One of the best-known war books, with poor morals.
This book is the journal of young Henry Fleming, who signed up and fought in the Civil War. It describes his decision to sign up, his life during many of the battles that took place in the plot, and finally, the "new and improved Henry" after the battles. In the last battle mentioned in the book, Henry is the flag-carrier for his cavalry.
Henry is a selfish coward; it seemed that he was always thinking something along the lines of "Should I run? No; what will the others think. Yes; I'm too good to die." He also leaves a wounded soldier to die after the soldier finds out that Henry fled a battle.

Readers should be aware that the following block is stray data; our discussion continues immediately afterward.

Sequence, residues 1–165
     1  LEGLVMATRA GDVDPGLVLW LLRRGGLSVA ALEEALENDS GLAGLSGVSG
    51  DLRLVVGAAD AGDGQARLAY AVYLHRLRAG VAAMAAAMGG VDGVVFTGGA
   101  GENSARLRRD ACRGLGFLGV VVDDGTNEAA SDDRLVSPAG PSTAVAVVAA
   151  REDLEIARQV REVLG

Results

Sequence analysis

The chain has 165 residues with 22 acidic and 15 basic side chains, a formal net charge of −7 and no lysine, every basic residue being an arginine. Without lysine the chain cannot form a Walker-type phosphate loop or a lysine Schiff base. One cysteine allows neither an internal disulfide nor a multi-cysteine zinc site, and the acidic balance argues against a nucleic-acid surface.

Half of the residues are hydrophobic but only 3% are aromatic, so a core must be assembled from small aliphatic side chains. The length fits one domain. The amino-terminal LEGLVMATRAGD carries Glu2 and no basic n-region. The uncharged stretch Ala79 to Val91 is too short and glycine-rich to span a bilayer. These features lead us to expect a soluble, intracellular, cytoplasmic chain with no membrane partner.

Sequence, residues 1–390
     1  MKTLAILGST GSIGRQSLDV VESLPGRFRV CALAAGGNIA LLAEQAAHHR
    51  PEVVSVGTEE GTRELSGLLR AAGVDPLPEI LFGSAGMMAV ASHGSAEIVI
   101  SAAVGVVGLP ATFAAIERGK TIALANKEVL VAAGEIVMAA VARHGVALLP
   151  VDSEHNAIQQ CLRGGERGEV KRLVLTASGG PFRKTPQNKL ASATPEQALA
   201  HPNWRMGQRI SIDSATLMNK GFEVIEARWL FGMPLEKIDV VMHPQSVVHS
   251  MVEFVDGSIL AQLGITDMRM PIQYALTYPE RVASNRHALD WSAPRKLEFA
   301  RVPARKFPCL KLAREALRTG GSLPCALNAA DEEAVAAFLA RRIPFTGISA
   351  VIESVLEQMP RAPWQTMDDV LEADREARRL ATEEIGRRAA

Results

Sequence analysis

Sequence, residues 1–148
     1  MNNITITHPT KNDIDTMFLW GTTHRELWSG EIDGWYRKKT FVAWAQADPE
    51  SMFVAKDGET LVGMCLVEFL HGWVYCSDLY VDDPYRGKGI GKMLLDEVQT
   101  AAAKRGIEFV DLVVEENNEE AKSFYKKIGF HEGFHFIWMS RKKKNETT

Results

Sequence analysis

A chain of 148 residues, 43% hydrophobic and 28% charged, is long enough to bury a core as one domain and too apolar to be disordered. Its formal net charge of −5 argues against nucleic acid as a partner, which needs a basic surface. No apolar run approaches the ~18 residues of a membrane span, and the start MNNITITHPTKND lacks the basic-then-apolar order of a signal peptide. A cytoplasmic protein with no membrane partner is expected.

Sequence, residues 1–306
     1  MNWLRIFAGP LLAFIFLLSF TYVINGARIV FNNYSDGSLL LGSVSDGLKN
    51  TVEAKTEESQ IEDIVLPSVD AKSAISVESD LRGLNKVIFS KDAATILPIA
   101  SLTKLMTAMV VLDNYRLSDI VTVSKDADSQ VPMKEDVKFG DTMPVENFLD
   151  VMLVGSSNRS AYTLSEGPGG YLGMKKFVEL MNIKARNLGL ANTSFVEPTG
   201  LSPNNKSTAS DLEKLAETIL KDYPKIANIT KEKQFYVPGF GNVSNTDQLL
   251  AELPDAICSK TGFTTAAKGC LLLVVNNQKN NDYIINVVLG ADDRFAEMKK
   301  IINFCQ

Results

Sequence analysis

God is not mentioned here; the characters, mainly Henry, do not live moral lives.
This is a war book, so the violence in this book corresponds: a man's arm looks as if wolves had bitten it; there is blood wounds and bloody bandages all around. People die and their corpses lie around.
Drug and Alcohol Content
Crude or Profane Language or Content
This book was written to inform readers of the horrors of the Civil War, which Henry fought in, as well as all wars in general. This book is considered to be one of the great American classics because it is one of the first widely-known war books.